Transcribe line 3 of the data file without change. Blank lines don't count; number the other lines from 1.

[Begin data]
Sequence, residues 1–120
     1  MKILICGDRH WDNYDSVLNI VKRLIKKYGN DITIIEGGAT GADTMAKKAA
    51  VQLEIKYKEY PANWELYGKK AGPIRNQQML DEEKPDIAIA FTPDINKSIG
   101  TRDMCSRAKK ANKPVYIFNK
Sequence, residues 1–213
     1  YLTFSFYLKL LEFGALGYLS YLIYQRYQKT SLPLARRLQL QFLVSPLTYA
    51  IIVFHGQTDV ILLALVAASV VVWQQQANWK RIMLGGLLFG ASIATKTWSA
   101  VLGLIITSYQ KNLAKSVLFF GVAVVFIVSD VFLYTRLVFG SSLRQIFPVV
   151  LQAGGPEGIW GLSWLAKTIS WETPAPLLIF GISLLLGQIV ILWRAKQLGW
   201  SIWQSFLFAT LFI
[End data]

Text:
    51  VQLEIKYKEY PANWELYGKK AGPIRNQQML DEEKPDIAIA FTPDINKSIG